It sucks to admit you’re screwed up in some way. But by taking healthy, scientifically proven action, you are improving yourself in a mentally healthy way. Be proud of that. Many people, especially fellow Asian Americans I’ve seen, never consider this route. Instead, they end up following self-destructive pathways, like learning from pick up artists, that end up worsening or ignoring the core issue by addressing the symptoms rather than the cause.
4. Remind Yourself of Reality
Usually, outsized behaviors or reactions are an internal way of compensating for something. For someone who likes to show off their clothes and money excessively, like Dan Bilzerian, it can be a reflection of something they lacked as a child (acceptance, love, appreciation, toys, hobbies, or relationships).
I’m not a professional or psychiatrist so I can’t give you specific details. But one thing I’ve read that helps is to align your reality with realistic thoughts.
By reminding yourself out loud of what’s actually true, rather than what you think, it can help in your recovery process. How do you know what’s actually true? Consult with healthy, trustworthy people who can tell you.
For example, let’s say you are constantly beating yourself up and thinking you’re not good enough to talk to a girl or make a friend (something I struggle with). But in reality, you’re a good guy who deserves to talk to average girls, but you’re just not giving yourself enough credit.
Rather than consult your own biased opinions of yourself, consult socially intelligent friends you trust. If they all give the same opinion that you’re worthy, then, you know you’re underselling yourself. From there, you can repeat affirmations to remind yourself that you like yourself and are worthy. You can list specific details, like “I am a physically fit person” or “I am a kind, smart, and funny person. I shouldn’t beat myself up.”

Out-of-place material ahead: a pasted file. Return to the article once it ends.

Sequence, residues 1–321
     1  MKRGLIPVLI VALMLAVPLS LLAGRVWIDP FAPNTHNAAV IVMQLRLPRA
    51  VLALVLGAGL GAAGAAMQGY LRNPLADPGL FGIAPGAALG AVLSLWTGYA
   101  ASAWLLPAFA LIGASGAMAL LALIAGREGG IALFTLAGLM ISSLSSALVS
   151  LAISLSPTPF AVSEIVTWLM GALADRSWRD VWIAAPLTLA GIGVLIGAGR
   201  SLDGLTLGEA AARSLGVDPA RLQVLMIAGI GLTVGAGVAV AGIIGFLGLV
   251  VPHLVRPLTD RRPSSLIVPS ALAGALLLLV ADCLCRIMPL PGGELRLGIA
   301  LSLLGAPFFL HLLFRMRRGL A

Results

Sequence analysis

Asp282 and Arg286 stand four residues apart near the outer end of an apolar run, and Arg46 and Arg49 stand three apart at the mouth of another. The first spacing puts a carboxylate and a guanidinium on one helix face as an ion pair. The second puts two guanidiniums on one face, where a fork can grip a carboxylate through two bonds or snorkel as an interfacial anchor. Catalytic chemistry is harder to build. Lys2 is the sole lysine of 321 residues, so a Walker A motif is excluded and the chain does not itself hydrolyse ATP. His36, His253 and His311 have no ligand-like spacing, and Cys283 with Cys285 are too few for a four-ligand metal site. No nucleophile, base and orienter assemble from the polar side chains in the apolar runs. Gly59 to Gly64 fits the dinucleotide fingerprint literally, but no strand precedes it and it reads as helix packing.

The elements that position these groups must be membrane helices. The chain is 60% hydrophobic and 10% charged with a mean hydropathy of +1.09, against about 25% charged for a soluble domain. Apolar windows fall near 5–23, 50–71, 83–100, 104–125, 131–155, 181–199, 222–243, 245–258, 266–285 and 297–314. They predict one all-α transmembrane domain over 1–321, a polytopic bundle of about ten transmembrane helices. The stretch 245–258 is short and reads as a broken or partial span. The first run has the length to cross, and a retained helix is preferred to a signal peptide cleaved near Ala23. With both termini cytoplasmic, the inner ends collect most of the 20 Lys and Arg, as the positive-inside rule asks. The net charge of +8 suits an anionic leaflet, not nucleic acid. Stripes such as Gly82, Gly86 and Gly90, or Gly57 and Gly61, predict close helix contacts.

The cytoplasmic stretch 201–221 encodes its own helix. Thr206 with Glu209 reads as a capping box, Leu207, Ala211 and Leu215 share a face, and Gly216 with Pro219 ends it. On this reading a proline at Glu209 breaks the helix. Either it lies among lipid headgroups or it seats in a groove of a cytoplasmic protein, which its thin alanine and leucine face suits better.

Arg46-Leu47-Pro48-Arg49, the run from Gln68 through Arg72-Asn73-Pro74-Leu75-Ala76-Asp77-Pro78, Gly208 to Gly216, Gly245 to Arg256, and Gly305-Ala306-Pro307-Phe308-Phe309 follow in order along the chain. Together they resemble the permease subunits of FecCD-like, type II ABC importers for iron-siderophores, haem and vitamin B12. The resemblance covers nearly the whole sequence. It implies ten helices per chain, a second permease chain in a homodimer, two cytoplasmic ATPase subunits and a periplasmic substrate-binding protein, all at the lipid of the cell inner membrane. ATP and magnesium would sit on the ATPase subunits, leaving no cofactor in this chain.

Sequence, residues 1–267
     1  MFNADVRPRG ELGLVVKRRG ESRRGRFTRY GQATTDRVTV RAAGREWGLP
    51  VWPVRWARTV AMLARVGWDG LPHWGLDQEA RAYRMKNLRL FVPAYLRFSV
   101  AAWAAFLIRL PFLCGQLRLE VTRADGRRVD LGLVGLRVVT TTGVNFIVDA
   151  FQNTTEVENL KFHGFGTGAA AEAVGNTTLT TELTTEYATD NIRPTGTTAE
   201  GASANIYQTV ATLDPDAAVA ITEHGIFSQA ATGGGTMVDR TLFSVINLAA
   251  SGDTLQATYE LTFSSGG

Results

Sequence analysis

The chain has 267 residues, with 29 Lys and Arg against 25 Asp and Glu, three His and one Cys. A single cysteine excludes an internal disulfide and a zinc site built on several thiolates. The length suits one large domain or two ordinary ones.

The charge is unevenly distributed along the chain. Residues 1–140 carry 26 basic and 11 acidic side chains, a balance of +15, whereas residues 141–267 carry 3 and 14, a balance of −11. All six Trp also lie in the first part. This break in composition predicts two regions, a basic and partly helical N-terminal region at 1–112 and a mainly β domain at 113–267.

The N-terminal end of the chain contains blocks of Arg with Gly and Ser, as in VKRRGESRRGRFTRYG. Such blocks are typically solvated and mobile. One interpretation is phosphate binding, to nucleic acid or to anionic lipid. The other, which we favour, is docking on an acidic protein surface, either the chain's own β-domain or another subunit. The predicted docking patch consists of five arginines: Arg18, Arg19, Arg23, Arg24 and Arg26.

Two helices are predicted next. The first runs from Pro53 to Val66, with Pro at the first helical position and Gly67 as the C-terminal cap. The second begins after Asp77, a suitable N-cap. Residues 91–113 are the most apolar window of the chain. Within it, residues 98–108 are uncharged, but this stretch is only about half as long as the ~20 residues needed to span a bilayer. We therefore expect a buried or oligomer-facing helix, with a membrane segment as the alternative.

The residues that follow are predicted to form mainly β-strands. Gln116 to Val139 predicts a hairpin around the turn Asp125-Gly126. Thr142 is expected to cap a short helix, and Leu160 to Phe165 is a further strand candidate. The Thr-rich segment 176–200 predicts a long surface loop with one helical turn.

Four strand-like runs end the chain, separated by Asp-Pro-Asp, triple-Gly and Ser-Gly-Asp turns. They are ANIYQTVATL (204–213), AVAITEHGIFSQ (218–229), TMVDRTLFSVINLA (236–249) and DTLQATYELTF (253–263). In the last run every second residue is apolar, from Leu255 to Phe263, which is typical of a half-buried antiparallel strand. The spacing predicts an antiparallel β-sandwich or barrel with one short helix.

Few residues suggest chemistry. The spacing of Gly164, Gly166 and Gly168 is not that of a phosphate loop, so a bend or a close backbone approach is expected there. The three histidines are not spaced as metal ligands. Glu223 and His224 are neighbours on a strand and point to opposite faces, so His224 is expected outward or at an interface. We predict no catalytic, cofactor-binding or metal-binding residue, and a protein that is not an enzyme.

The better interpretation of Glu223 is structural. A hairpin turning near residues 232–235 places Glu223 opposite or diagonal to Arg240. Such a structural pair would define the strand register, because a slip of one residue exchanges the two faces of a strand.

In the case of my Instagram model obsession issue, I can give myself a reality check. What are the qualities I truly want in a relationship with a model? Laughter. Fun. Good times. Little to no fighting. Playful teasing. A relationship where both parties make the other better through motivation, laughs, and productive habits. A stunningly beautiful face and body. Kindness. Exploring cool new places and interests together. Enjoying interests we already share.
Well, why can’t you find these in someone more attainable, like someone who actually lives in your area with a normal job? The answer is I can. I don’t need someone who has millions of followers. That level of status would be cool, but it also has it’s problems.